Reactions mixed after Hogan orders post-Labor Day start to school year

Carroll county teachers, students and parents react to Gov. Larry Hogan's order to start all Maryland schools after Labor Day.

It became official Wednesday afternoon — Maryland schools will see a bit more summer starting in the 2017-18 school year.

Gov. Larry Hogan, with Comptroller Peter Franchot and other leaders, announced from Ocean City's Boardwalk an executive order mandating that future Maryland school years can't start until after Labor Day. In addition, Hogan also declared the school year can end no later than June 15.


The move to a later start date, aimed at giving families more time together in the summer and boosting the state's economy, left some Carroll residents thrilled and others concerned about potential issues and unhappy with the decision coming from the state level.

For Teresa McCulloh, president of the Carroll County Education Association, the decision brought anger.

Gov. Larry Hogan made the annoucement at a press conference Wednesday afternoon on Ocean City's boardwalk.

"Needless to say, we are disappointed in the executive order, a decision that should be made locally, not from the top down," the teachers union leader said. "There are other issues we should be focusing on such as proper funding, maintaining current programs and reducing testing."

And extended summer break doesn't necessarily help the students in Carroll County, she added.

Carroll County Public Schools parent Tara Battaglia wasn't happy with the governor's announcement either.

"I don't agree with it. I think it's fine the way it is [now]," she said. "It needs to be left to the counties."

And while it's been promoted as a way to increase family time, a later start could shorten other holiday breaks throughout the school year taking away family time anyway, she added.

"There is no benefit," Battaglia said.

Superintendent Stephen Guthrie said in an interview with the Times on Tuesday that he thinks the decision should be made locally.

Even after Wednesday's announcement, Guthrie said his previous thought of presenting two calendar options to the board still stands. That way, he said, if there is no pushback and the order stands, they'll be ready to go. He said there are still questions that must be answered, especially regarding possible snow days.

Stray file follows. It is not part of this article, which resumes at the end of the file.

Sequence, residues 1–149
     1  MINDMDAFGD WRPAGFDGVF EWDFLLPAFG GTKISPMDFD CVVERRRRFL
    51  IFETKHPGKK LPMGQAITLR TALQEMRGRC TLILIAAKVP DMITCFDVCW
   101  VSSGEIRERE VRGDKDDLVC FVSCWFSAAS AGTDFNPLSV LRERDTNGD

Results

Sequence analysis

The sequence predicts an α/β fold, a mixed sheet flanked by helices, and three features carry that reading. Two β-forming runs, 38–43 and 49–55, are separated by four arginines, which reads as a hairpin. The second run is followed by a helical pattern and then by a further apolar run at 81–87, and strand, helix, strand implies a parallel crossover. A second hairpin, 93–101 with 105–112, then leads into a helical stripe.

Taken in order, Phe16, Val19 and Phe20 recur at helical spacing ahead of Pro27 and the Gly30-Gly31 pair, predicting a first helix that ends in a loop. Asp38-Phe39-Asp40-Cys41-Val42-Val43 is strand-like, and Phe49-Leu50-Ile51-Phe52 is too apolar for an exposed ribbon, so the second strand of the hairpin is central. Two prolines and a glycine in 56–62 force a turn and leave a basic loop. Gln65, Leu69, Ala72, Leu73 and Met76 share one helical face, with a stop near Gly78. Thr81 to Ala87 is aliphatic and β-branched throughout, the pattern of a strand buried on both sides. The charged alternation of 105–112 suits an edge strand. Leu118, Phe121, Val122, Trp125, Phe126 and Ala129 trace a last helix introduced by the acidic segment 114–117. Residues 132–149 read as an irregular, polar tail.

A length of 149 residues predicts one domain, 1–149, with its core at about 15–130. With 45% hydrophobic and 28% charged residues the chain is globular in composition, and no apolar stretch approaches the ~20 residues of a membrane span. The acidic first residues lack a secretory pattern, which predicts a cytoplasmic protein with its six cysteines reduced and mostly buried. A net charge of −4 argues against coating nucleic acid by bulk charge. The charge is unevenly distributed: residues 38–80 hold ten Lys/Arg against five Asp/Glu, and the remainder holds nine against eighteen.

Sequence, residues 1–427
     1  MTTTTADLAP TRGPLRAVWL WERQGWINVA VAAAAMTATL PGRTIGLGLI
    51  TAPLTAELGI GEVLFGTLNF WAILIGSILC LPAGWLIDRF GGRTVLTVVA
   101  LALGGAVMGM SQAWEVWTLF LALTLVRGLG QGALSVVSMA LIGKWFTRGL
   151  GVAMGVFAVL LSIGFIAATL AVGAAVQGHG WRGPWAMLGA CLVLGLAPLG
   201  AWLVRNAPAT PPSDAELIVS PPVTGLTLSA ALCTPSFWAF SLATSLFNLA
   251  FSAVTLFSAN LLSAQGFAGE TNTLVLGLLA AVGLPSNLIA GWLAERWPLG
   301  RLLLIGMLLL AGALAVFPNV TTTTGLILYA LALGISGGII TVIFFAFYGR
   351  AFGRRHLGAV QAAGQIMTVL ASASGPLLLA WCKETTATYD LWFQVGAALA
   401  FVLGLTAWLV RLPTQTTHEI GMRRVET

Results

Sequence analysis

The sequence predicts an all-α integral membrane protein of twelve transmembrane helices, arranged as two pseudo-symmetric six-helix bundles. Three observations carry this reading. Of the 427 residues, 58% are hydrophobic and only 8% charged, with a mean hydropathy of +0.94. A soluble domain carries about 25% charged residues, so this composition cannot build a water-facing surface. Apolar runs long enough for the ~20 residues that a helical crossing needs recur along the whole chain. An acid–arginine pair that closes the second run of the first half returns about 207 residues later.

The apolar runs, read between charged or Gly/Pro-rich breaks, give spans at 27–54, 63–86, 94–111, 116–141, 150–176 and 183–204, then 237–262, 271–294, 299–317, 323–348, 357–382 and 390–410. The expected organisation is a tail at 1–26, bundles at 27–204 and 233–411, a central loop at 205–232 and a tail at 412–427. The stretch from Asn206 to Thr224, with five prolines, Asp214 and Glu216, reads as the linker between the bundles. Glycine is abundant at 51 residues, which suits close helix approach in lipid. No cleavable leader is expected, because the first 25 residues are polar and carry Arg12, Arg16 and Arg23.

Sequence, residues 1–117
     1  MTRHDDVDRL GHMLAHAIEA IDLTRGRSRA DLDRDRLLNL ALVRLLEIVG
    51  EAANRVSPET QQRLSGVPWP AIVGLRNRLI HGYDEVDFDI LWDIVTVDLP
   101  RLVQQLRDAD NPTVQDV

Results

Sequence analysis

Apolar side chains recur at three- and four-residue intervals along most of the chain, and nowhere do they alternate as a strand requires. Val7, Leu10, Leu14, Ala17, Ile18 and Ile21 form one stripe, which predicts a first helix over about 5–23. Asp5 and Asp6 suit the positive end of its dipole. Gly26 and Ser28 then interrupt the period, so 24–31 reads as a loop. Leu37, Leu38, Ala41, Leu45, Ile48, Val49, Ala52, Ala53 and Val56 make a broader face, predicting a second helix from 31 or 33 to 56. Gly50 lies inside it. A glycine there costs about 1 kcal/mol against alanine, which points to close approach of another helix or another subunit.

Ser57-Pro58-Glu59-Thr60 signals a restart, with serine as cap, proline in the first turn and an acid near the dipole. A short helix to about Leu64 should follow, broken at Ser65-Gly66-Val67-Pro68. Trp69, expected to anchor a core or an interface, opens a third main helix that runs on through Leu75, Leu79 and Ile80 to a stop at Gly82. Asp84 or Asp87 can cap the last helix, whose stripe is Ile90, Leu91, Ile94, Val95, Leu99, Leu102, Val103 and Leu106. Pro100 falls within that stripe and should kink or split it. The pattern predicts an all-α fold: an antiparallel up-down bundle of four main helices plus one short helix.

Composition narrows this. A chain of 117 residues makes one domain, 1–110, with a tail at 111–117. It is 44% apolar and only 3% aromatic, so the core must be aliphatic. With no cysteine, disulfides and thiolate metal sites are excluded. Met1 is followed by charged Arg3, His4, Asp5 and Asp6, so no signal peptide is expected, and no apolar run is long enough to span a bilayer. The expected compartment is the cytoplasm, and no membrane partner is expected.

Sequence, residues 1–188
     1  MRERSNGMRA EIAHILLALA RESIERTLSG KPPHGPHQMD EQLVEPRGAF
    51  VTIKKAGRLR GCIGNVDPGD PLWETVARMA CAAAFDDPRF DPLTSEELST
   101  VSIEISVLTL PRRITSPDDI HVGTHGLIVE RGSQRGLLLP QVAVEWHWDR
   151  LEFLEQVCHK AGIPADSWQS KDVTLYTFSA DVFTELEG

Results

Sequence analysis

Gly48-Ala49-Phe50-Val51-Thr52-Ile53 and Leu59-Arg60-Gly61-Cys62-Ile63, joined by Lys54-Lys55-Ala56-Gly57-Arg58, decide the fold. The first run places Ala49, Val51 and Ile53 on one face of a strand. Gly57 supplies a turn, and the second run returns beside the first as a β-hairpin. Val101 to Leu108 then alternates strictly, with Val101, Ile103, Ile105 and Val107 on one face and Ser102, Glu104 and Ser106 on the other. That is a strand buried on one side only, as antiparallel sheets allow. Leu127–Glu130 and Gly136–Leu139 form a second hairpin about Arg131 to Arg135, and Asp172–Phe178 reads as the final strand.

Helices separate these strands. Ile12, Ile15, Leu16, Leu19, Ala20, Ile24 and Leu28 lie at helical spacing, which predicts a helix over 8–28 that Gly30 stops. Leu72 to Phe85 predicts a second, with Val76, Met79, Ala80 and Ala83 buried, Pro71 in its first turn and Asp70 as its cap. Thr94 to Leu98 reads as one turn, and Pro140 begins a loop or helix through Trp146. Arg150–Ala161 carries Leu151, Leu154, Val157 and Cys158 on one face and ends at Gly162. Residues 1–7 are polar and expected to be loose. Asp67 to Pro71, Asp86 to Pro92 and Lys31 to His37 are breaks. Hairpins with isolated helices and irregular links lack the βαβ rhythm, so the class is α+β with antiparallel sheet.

"Whatever the law of the land is we'll make work here," he said.

In line with a 2015 Goucher College poll that found 72 percent of Maryland residents supported a statewide mandate of a post-Labor Day start, most parents and students contacted Wednesday were thrilled with the announcement.

Carlee Cook, a junior at Winters Mill High School, was happy to hear about the governor's decision.

"I think that we need more summer time," Cook said.


It could mean a longer preseason for sports, she said, and give more options for family vacation.

Winters Mill senior Myah Randall mirrored those vacation thoughts.

"I think that's a great idea. Because we only have one full month of no school at all," she said.

While a senior, Randall said her sister, Morgan, a 10th-grader, could benefit from the extended summer.

"We'll have time to … spend time together before I go off to college," she said.

Alfredo Padilla, who was picking up his kids at Cranberry Station Elementary School on Wednesday, was glad to hear the news. The announcement was a step in the right direction, he said.

It allows parents to plan the end of their summer vacations, he said. And it could benefit the economy.

"I think this provides an opportunity for the kids to really enjoy their summertime," Padilla said.

John Lowe, a Spanish teacher at Winters Mill, wasn't too worried about the change to scheduling. As a teacher who's been around for a while, he said, he remembers when starting post-Labor Day was the norm.

"For me, it's kind of like returning to what we used to do," Lowe said.

In his mind, it makes a lot of economic sense. What they'll need to see is if it makes educational sense, he said. Those days have to come from somewhere.

"As long as we're meeting international and state standards, that's my biggest concern," Lowe said. "Teachers have been having to make things work with hard constraints for a long time, so we'll just keep doing that."



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